A glance at the menu reveals the usual breakky and lunch fare, but with a greek twist, loukanikos (Greek pork sausages), vanilla submarines and haloumi being examples. I hear almost everything is made in house, from the cakes to the jams and sauces to the sausages. Impressive.
Our chums arrive and we get ordering. Today’s house-made chipolatas are described as ‘quite spicy’, so that gets ordered, along with a bacon and egg roll with aioli and various combos of eggs, toast and sides, including the kumera and basil hash, which is more like mashed kumera which is then pan fried, but who’s complaining?
What I like about the breakfast is they’ve set it up very design-your-own – the guts of the breakky menu is free range eggs with your choice of toast (sourdough, soy and linseed or rye) and then there are 12 different sides to choose from. It’s all very reasonably priced. None of the food blows anyone’s mind, but the servings are generous and the service is good.
Man, this place is strong on coffee. It is strong a dark-tasting, but not overwhelming- it feels like the flavour coats your whole tongue. I’d describe the flavour as very solid and cohesive, if that makes sense – there are layers, but they are tightly grouped. I like it so much I order a second macch. Caffé deluca, who would’ve thunk?
245 Wardell Road
Dulwich Hill NSW 2203
0403 412 860
Open 7 Days for breakfast and lunch
The National Multicultural Festival is held each year in Canberra, and as far as I’m concerned it’s the best food fest in Australia. This year it ran from the 10th to the 12th of February.
Nepalese Momo (dumplings). Some were filled with lamb, some with veggies. The accompanying sauce was extremely hot.
Ethiopian. We had this as our morning tea. There’s a potato and cabbage dish, a lentil stew and I want to say key wat? And of course, blissfully crumpety injera.
OMG, the Sicilian stall! They only sold sweets and I coudn’t resist. We tried this custard filled fried morsel, yum!
All that eating makes you pretty darn thirsy. Luckily there were free water bottles and free water.
Sausages on the grill…
…and a sausage dog in a bag!
As you can see, it’s a pretty popular place to be.
The line for the Loukamades (greek doughnuts) is always massive. They weren’t as deliciously crispy as last year though…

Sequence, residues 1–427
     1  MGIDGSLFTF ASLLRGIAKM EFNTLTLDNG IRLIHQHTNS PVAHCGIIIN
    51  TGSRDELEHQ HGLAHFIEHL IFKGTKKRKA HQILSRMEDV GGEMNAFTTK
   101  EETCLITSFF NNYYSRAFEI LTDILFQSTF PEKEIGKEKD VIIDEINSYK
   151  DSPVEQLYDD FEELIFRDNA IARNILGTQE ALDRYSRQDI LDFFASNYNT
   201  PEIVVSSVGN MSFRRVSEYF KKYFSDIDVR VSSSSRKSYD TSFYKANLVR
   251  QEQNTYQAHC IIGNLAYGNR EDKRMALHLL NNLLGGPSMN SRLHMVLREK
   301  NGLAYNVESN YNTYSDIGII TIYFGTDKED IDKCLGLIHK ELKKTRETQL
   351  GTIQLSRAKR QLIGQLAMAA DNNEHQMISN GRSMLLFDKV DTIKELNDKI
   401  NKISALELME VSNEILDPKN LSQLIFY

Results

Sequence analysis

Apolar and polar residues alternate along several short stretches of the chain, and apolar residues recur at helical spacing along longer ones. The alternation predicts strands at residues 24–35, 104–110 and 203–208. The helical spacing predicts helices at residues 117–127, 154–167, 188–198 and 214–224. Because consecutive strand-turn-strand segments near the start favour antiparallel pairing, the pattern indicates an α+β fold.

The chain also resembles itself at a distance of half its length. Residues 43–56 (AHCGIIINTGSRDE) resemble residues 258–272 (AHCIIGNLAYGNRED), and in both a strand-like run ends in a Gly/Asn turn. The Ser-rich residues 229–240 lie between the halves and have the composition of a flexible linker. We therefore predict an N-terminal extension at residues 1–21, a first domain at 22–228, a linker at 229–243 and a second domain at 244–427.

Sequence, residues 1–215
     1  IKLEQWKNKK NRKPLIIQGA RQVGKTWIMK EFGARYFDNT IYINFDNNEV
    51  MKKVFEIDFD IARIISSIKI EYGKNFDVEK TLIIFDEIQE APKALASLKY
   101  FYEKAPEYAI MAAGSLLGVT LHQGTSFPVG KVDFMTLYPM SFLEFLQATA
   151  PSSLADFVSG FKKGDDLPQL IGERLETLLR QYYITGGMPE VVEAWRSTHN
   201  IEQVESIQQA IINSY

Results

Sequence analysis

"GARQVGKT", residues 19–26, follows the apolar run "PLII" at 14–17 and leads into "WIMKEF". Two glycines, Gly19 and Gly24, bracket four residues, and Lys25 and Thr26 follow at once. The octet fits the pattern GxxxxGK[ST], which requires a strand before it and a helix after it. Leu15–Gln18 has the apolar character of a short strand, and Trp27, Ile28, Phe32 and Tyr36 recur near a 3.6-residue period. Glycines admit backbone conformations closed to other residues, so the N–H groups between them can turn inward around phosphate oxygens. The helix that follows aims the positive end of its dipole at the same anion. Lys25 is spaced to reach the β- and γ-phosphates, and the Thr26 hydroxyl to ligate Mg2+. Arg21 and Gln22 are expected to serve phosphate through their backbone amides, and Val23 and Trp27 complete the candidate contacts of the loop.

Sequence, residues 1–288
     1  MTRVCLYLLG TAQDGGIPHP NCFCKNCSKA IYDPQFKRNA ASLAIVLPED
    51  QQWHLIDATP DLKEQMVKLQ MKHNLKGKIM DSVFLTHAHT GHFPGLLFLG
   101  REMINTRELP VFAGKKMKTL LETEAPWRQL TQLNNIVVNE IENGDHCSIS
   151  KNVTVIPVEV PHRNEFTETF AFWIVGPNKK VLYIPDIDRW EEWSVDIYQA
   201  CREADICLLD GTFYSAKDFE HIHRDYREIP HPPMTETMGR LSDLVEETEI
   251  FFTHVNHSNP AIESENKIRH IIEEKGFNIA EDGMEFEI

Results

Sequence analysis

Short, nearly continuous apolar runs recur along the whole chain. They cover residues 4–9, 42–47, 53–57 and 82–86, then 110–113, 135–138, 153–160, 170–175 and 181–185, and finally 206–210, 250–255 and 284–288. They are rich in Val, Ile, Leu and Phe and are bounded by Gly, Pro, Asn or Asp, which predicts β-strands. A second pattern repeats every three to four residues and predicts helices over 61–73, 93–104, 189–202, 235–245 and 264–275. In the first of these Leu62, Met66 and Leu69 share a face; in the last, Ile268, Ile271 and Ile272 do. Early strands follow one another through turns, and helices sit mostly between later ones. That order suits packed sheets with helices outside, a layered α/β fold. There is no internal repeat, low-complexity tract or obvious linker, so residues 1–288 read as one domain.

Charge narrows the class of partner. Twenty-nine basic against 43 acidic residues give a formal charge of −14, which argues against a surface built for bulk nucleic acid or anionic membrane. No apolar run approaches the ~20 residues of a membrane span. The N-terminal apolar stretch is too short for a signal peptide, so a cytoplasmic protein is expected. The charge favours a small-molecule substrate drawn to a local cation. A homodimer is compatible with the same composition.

A papusa from one of the Mexican stall. A cornmeal based thick tortilla, in this case filled with cheese.
And a delicious chicken tamale.
Which is your favourite food festival?
You can read last year’s post here.
We are told time and time again that one of the easiest ways to introduce people to new cultures if by feeding them, because wherever we go, whatever we do, we all need to eat. So it’s no surprise that the main focus of the 2011 National Multicultural Festival was food. I have to admit that although I was born in Canberra and lived there for the first 19 years of my life I’ve never been to the festival before. So I wasn’t sure exactly what to expect from it, probably something like the food festivals we have here in Sydney. I was pretty sure there’d be gozlëme, that’s for sure.
Last weekend my man and I were visiting Canberra for a friend’s birthday and she had concocted marvellous challenge- food golf. The idea was that we all had to dress in golfing outfits and prowl the festival, marking off various foods and drinks as we consumed them. Each item was worth various points and at the end we would tally up the scores and proclaim the winner.
I stuffed things up by being the only one who didn’t get a costume sorted, and as we entered the multicultural festival at 3pm on Saturday, the atmosphere was not dissimilar to that of a moshpit and I began to wonder how likely it was that we would complete our challenge. One of the things I always forget about Canberra, a city where comparatively little happens, is what it’s like to be in the thick of it when something DOES happen. With an event like this, there’s a huge turnout and it feels like everyone in Canberra is there. Apparently, this year the three day festival attracted 100 000 people on the Saturday alone! That’s as many as it usually attracts for the whole three days.